Clark Blumenstein of Blumenstein Audio in Seattle, sees himself as an intermediary between musicians and their audiences.
"I'm an engineer between artists and their listeners," he said.
That's why Blumenstein was drawn to Treefort: To show off his high-end speakers, called Orcas. And if the reaction at the Press Lounge at the El Korah Shrine and Treefort Music Fest Artists Lounge in The Linen Building was any indication, Blumenstein's work has earned more than a few new fans.
Electric guitars and violins sounded as clear from the back of the lounge as they were six inches from the speakers. Bass guitars and drums twanged and growled, but never thumped or thudded. Fleetwood Mac and The Moody Blues filled the Artists Lounge without the volume setting on the stereo going above 50 percent.
The minimalist philosophy Blumenstein brings to his speakers is evident inside and out. The Orcas are shoebox-sized speaker cabinets made from bamboo sanded so finely it shone, with a single speaker made from abaca banana paper mounted two-thirds up the face of the cabinet. Inside, the acoustic features balance bass and treble sounds for sharpness and clarity, but always with the emphasis on having as few parts, electrical connections and apparatus as possible.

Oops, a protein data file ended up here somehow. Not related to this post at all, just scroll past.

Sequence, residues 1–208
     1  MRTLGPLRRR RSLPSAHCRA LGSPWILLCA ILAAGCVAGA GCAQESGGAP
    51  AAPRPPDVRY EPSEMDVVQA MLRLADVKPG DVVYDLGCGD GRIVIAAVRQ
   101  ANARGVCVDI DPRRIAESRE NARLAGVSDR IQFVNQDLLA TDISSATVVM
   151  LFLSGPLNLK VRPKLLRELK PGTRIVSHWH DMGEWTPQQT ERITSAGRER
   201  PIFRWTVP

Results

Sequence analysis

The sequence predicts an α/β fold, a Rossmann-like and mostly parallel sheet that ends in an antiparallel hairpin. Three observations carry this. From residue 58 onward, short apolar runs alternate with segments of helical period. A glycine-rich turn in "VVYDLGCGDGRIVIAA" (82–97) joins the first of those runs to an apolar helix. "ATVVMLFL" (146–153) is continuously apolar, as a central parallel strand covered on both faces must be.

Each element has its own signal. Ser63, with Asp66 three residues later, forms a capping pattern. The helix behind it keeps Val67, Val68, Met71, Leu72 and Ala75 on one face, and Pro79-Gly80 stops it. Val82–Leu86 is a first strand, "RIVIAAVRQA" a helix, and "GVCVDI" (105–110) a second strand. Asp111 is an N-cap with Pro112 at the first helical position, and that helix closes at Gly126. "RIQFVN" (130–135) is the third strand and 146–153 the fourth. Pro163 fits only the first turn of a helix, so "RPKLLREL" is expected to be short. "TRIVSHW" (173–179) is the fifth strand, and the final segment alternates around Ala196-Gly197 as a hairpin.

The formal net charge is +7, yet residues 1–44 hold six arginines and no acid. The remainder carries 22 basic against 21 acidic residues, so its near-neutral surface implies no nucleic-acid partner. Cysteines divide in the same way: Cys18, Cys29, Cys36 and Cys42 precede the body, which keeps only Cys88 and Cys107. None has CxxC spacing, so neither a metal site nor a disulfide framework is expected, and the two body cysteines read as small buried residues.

Many audio systems claim to offer the highest fidelity to the music they play, but Blumenstein said every speaker system makes choices for music listeners, whether it suppresses audio flaws or emphasizes certain kinds of sounds: Saying a set of speakers delivers the clearest sound suggests that clarity is what musicians want their fans to hear, which isn't always the case.
"The people that claim to be the least colored are often the most skewed," Blumenstein said.
Instead of claiming to have the greatest clarity or the most hands-off approach to what Orca customers hear, Blumenstein said his is a more experimental approach.
"I'm trying to discover what impact I'm having," he said.